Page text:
The Defendant’s Motion to Suppress 

The defendant filed a motion to suppress claiming that the search warrant was overbroad because it did not limit the specific areas to be searched to those under the control of Mr. Irvin and the warrant was improperly executed because the police were made aware of its overbroad nature from the defendant’s conversations with Sergeant Curtis. At the suppression hearing, the above facts were put on the record. The defendant also testified at the hearing. He testified that he and Mr. Irvin occupied separated bedrooms at the residence, he would shut his bedroom door when he was not home; Mr. Irvin and he occupied separate bedrooms at the residence; he would shut his bedroom door when he was not home; and that Mr. Irvin was not permitted to enter his bedroom without permission. 

The trial court denied the defendant’s motion to suppress. The trial court held that the warrant was not overbroad and that a search warrant to a residence “need not specify each and every room of a residence to be searched.” Further, the trial court held that the search warrant was not improperly executed. After the denial, the defendant proceeded to a jury trial where he was convicted of all charges. The court then subsequently sentenced him to an aggregate term of one year less one day to two years less two days of county imprisonment to be followed by three years of probation. The defendant then filed a timely appeal to the Pennsylvania Superior Court. The Superior Court denied the defendant’s appeal. The defendant then filed a petition for allowance of appeal to the Pennsylvania Supreme Court which was granted. 

Does a Search Warrant Have to Be Specific? 

Yes. The Fourth Amendment prohibits the issuance of any search warrant except one that is specific and particular to the place to be searched and the persons or things to be seized. As such, the police are limited to searching in those areas where the suspected contraband could be found. Usually, the police are searching for guns and drugs and therefore the police have a broad scope of places that these items could be found. However, let’s say hypothetically that the police have a search warrant for a missing tuba. Obviously, tubas are very large and heavy and probably would not fit in a shoebox. So, in this hypothetical, if the police were searching only for a tuba and they looked into a shoebox and found contraband, then the defendant could have a valid argument at suppressing this contraband because the police went beyond the scope of the search warrant.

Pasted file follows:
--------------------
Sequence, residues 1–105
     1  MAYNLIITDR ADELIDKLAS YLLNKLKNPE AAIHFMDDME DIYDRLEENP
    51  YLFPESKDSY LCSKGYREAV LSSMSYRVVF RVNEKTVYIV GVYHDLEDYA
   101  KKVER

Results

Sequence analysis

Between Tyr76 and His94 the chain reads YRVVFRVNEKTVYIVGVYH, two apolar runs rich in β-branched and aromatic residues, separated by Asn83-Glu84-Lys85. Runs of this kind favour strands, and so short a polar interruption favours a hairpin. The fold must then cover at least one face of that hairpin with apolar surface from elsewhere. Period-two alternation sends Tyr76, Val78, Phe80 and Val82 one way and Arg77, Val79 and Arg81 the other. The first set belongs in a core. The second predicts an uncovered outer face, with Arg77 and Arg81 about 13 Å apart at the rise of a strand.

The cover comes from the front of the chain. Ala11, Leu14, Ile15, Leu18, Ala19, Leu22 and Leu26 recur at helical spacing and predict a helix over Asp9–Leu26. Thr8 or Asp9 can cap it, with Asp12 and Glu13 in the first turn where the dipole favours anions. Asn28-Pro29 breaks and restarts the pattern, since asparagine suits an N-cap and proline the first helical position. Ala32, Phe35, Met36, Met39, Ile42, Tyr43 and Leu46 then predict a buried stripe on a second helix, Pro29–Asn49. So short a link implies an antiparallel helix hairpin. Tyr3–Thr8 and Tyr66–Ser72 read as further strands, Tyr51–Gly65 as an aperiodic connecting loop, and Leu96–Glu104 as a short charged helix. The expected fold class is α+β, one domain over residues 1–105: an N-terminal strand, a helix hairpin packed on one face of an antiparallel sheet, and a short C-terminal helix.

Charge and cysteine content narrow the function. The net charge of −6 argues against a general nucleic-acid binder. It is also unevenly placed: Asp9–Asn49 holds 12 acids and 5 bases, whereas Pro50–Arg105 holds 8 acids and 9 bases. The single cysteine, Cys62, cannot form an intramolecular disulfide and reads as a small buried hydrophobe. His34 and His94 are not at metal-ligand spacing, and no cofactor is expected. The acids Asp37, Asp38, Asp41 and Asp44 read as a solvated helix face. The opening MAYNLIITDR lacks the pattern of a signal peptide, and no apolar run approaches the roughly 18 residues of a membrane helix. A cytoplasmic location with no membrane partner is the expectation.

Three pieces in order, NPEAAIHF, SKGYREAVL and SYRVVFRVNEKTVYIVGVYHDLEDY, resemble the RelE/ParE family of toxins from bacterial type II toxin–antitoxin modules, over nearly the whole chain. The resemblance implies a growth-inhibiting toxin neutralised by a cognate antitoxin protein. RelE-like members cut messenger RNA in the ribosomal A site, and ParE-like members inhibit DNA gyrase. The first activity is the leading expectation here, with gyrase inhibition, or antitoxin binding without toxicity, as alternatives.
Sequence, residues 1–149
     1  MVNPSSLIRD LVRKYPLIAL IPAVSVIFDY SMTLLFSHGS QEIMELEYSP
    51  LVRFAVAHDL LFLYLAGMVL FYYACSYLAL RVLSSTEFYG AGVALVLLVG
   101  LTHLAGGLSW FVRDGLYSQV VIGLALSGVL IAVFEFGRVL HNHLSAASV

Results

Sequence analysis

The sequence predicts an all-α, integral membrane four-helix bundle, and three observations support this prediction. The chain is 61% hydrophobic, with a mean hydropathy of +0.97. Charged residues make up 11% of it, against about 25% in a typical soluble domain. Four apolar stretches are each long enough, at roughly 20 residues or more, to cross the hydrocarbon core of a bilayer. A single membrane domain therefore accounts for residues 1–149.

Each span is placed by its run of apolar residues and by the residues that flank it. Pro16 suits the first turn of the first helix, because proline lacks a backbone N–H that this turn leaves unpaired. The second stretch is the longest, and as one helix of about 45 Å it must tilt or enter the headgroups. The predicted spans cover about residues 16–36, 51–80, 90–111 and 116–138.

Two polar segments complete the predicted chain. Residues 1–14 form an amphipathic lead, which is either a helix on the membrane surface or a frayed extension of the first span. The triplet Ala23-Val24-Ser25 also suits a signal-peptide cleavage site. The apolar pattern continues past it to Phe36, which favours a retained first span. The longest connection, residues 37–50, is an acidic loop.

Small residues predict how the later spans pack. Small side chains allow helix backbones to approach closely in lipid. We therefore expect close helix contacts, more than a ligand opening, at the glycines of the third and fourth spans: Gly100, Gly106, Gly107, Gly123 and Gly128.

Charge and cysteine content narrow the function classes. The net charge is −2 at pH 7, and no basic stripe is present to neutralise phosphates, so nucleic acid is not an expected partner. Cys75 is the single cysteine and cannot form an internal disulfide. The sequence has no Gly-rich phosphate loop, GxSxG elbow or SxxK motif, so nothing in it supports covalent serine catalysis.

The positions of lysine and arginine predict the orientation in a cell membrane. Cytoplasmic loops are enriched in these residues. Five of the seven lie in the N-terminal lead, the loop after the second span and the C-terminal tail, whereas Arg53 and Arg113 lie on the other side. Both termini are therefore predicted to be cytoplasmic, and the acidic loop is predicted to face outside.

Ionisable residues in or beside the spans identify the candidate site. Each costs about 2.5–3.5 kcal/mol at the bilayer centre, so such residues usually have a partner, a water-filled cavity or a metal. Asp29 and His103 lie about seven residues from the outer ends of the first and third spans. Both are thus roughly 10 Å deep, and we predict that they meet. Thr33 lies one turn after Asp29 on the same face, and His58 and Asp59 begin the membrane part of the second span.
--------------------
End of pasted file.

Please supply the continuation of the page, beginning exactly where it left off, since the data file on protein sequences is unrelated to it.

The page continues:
I Live in an Apartment Building. If the Police Get a Search Warrant for My Neighbor’s Apartment, Can They Search Mine Too? 

No. In prior decisions, the Pennsylvania appellate courts have been very clear that a search warrant has to be particularized to the residence that is being searched. To give an example of this, let’s assume that a defendant lives at 123 Broad Street and that it is a multi-tenant building. If the police were to get a search warrant for only 123 Broad Street and they search every apartment in 123 Broad Street and the police find contraband in the defendant’s apartment, then he will have a very good argument for suppressing that contraband because the search warrant was not specific enough for the defendant’s house. However, this was not the issue in the instant case. In the instant case, the residence in question was a single living unit, not a multi-tenant unit as stated in the above hypothetical. 

The Pennsylvania Supreme Court’s Decision

The Pennsylvania Supreme Court denied the defendant’s appeal. In its opinion, the Pennsylvania Supreme Court adopted the federal rule which allows the police to search the entire residence even if the target of the search warrant has roommates. The Court went on to say that a roommate can obtain relief if it is shown that his particular room was a separate and independent unit. It is not enough that the roommates are prohibited from entering the other’s room without permission. As such, the defendant will not be entitled to relief and therefore he will not get a new trial.  

Facing criminal charges? We can help.

Philadelphia Criminal Defense Lawyers

Philadelphia Criminal Defense Lawyers

If you are facing criminal charges or under investigation by the police, we can help. We have successfully defended thousands of clients against criminal charges in courts throughout Pennsylvania and New Jersey. We have successfully obtained full acquittals in cases involving charges such as Conspiracy, Aggravated Assault, Rape, and Murder. Our award-winning Philadelphia criminal defense lawyers offer a free criminal defense strategy session to any potential client. Call 267-225-2545 to speak with an experienced and understanding defense attorney today. 

 

What is the penalty for getting arrested for drugs or guns while on state parole in Pennsylvania?

Pennsylvania State Parole Violations

Criminal Defense Lawyer Zak Goldstein

Criminal Defense Lawyer Zak Goldstein

The impact of new criminal charges for a person who is on state parole in Pennsylvania can be very confusing for the defendant and his or her loved ones. In general, a new arrest while under state parole is going to result in at least some amount of jail time because the parole board almost always lodges a parole detainer following a new arrest for a misdemeanor or felony criminal charge. Additionally, once the parole board lodges the detainer, it is usually not possible to get the detainer lifted because the judge who sentenced the defendant to prison time does not have the authority to have a state detainer lifted. Instead, only the parole board can lift the detainer, and the board usually does not do this unless the defendant has served the maximum sentence (“maxed out”).